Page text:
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Re: setFetchSize

From: Oliver Jowett <oliver(at)opencloud(dot)com>
To: fschmidt <fschmidt(at)gmail(dot)com>
Cc: pgsql-jdbc(at)postgresql(dot)org
Subject: Re: setFetchSize
Date: 2011-10-26 22:56:17
Message-ID: CA+0W9LOYauE-hoa8C7H7HM0Gcb2wSi7N0aSfr2t8rkwg9yiGqw@mail.gmail.com (view raw or flat)
Thread:
Lists: pgsql-jdbc
On 27 October 2011 09:22, fschmidt <fschmidt(at)gmail(dot)com> wrote:
>
> Dave Cramer-8 wrote:
>>
>> My understanding is this: Postgresql is an MVCC database and can
>> easily provide you with a snapshot of a resultset inside a
>> transaction. Outside a transaction my bet is that the data has to be
>> copied to a temporary location somewhere, so if this is done over N
>> connections the resources required could be substantial.
>>
> The solution is very simple.  Just keep the version associated with the
> current resultset around until the resultset is closed.  This is basically
> the same as having another connection, but in this case, each resultset on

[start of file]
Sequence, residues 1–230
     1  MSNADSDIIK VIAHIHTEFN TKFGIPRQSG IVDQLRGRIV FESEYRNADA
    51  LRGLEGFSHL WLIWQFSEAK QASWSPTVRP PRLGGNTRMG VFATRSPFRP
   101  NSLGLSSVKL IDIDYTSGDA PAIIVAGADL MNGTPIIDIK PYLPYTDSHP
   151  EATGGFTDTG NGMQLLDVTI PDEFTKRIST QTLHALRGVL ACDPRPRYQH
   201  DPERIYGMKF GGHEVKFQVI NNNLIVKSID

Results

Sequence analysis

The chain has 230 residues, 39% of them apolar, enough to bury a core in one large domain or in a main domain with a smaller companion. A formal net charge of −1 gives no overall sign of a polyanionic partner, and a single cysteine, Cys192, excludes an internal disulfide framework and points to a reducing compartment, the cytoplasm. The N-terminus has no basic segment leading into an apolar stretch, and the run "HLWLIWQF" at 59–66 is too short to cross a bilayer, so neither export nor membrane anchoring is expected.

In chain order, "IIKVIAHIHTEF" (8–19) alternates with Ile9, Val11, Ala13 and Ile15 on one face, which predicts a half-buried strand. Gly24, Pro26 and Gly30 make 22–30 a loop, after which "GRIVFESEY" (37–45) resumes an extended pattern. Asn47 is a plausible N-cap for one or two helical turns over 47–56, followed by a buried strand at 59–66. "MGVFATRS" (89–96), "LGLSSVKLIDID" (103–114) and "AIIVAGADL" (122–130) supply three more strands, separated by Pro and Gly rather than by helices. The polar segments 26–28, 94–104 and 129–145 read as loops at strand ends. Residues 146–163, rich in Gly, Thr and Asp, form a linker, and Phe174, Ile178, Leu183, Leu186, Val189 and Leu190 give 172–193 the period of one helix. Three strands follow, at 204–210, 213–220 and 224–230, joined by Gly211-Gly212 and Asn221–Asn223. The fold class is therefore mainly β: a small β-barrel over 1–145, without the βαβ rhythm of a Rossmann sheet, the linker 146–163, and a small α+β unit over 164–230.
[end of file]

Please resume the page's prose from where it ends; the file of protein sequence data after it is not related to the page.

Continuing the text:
> the connection should use the version that was associated with the
> connection when the resultset was opened.

All this has already been solved, since WITH HOLD is supported for
cursors. (I think the actual implementation there copies out to
temporary storage, so perhaps the MVCC approach you suggest is not so
straightforward). Anyway, the missing part is a similar sort of
support for portals at the protocol level - I suggest you aim your
efforts at getting that supported on the server side, since the driver
can't do anything until that is supported.

>> Well every database I know of has it's idiosyncrasies, an as I said
>> the JDBC spec makes no guarantees of what setFetchSize should do if
>> anything.
>>
> The JDBC spec also makes no guarantees that the database shouldn't crash.
> The purpose of a spec isn't to limit what is provided to users, rather it is
> to provide the minimum functionality that users can assume across
> implementations.

I think Dave's point here is that the docs for setFetchSize()
explicitly says that it's a hint to the driver and the driver is free
to ignore it, so a portable application shouldn't be relying on
particular behavior.

Oliver

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